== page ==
University of Arizona a dot Cooperative Extension

Alfalfa Report
Yuma County, Arizona
July 28, 2003

Yuma County Office
2200 W. 28th Street, Ste. 102
Yuma, AZ 85364
(928) 726-3904
(928) 726-8472 FAX

Production Update:

Scald: Scald is damage that occurs to alfalfa associated with high temperatures and soil saturation. Scald is likely to occur when the soil is saturated for 30 hours or more and the temperature is greater than 100 degrees F. Damage can occur at lower temperatures following a long period of saturation. Injured plants become yellow and wilt within a week. Scald can be controlled by providing drainage, leveling fields, and avoiding standing water on ends of fields. Plants with foliage are much less susceptible to scald, so delaying irrigation until at least 4 inches of growth appears is probably the most effective control.

Insect Management: Webworms (Detour signpicture) (alfalfa webworm, beet webworm and garden webworm) are occasional pests of desert alfalfa. The small webworm moths lay scale-like eggs on the undersides of alfalfa leaves. Larvae may grow to an inch in length, are yellowish green, with stripes or spots, depending on the species. Webworm larvae devour leaves beneath silken webs on the upper parts of alfalfa plants during the summer and fall. They do not usually cause serious economic damage. Harvesting usually greatly reduces the population levels infesting the alfalfa during the next crop cycle.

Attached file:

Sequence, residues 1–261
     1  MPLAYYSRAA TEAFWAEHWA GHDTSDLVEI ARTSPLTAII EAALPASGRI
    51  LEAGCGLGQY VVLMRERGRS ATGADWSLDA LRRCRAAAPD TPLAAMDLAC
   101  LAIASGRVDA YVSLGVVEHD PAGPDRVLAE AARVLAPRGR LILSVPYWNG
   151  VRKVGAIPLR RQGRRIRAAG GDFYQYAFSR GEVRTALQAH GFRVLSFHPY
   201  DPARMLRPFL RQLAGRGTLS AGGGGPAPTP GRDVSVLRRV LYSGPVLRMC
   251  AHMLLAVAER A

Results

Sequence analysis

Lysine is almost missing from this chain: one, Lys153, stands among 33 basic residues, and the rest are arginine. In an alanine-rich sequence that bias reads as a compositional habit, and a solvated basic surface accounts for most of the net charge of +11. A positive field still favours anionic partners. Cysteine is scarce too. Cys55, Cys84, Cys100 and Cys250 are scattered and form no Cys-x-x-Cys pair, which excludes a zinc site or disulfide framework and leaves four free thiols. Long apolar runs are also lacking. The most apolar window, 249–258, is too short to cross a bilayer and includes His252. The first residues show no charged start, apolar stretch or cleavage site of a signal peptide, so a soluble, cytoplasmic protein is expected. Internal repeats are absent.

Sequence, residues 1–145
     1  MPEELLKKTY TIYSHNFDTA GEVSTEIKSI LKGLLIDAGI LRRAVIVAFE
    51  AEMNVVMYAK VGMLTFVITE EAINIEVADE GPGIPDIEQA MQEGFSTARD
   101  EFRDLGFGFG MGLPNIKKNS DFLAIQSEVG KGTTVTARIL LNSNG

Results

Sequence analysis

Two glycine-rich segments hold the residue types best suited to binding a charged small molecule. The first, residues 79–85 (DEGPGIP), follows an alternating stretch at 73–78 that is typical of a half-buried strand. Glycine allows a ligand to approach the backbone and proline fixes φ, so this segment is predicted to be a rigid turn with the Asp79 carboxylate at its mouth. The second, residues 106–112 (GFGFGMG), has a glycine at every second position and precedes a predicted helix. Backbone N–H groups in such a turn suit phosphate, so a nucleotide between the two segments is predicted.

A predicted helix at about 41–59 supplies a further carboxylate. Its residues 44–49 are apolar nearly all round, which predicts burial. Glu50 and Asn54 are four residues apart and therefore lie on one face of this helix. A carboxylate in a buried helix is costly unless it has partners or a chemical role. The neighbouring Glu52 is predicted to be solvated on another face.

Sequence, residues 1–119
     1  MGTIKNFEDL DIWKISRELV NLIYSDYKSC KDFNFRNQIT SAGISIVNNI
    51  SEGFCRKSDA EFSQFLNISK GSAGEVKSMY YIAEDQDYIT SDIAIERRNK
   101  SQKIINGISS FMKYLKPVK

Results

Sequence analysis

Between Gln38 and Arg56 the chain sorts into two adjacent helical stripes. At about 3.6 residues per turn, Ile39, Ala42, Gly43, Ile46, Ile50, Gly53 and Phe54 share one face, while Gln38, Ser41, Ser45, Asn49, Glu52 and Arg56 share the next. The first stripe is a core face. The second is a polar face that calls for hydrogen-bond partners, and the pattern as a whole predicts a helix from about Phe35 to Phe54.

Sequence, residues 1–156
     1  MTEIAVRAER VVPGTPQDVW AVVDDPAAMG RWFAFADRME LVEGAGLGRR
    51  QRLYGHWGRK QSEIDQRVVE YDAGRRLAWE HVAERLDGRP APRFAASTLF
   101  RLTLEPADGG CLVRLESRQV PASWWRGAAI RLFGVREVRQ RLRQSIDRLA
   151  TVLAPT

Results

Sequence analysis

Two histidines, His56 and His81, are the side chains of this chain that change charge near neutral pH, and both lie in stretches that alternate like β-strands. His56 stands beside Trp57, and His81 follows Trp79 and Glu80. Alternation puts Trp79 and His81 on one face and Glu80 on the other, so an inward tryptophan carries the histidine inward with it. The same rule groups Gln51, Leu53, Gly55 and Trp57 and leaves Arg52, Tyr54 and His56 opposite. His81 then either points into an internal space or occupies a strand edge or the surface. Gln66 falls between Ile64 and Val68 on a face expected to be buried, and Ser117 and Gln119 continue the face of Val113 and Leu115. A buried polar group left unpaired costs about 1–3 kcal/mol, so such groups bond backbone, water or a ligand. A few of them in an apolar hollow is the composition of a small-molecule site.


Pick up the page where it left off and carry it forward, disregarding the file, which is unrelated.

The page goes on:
Weed Control: When alfalfa is taken out to establish a different crop, herbicides used during the previous year or two can cause problems to some crops. The herbicides used in alfalfa that have the longest persistence in the soil are Pursuit and Zorial. Those with moderate soil persistence are Sencor, Raptor, Balan, Eptam, Trifluralin and Kerb. Those with slight persistence are Gramoxone, Buctril and 2,4-DB. Poast and Select are not likely to cause problems.

Market Summary
Off grade
Past 2 Weeks (July 15 - July 28, 2003)
Last Year (July 15 - July 28, 2002)


10 Year Summary (July 15 - July 28, 1994-2003):

10-year summary July 15-July 28, 1994-2003

Full Disclaimers

Issued in furtherance of Cooperative Extension work, acts of May 8 and June 30, 1914, in cooperation with the U.S. Department of Agriculture, James A. Christenson, Director Cooperative Extension, College of Agriculture and Life Sciences, The University of Arizona.

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Information provided by:
Barry Tickes, Extension Agent, Yuma County
Michael Ottman, Agronomy Specialist
College of Agriculture, The University of Arizona.
Eric Natwick, UCCE Imperial County - Farm Advisor
University of California, Davis, CA.

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